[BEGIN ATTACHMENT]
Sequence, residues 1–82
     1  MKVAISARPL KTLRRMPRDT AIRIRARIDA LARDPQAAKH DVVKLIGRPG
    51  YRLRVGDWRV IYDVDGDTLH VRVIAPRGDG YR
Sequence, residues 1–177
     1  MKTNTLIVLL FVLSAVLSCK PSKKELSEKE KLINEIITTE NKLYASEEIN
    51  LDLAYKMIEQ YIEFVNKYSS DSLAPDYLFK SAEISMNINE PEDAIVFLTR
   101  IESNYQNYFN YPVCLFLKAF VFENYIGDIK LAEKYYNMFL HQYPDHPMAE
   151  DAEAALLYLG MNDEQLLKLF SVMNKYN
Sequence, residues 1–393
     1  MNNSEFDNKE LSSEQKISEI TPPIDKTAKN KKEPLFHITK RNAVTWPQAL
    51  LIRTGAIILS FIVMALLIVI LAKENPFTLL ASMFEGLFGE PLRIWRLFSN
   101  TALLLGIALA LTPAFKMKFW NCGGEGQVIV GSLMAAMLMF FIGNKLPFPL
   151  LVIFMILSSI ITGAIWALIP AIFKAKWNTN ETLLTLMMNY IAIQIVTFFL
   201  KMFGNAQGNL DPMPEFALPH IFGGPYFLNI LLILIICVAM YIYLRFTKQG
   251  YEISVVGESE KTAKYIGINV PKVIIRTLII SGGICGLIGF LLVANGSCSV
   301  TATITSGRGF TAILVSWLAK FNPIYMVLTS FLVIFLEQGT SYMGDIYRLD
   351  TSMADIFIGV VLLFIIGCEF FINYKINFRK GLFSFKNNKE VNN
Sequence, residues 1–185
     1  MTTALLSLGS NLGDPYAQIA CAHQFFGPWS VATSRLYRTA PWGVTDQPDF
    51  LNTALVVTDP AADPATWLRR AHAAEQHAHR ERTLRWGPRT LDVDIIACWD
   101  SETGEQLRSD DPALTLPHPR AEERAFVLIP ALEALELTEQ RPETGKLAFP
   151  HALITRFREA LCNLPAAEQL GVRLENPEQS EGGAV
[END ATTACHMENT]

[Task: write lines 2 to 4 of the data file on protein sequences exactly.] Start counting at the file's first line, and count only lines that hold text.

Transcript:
     1  MKVAISARPL KTLRRMPRDT AIRIRARIDA LARDPQAAKH DVVKLIGRPG
    51  YRLRVGDWRV IYDVDGDTLH VRVIAPRGDG YR
Sequence, residues 1–177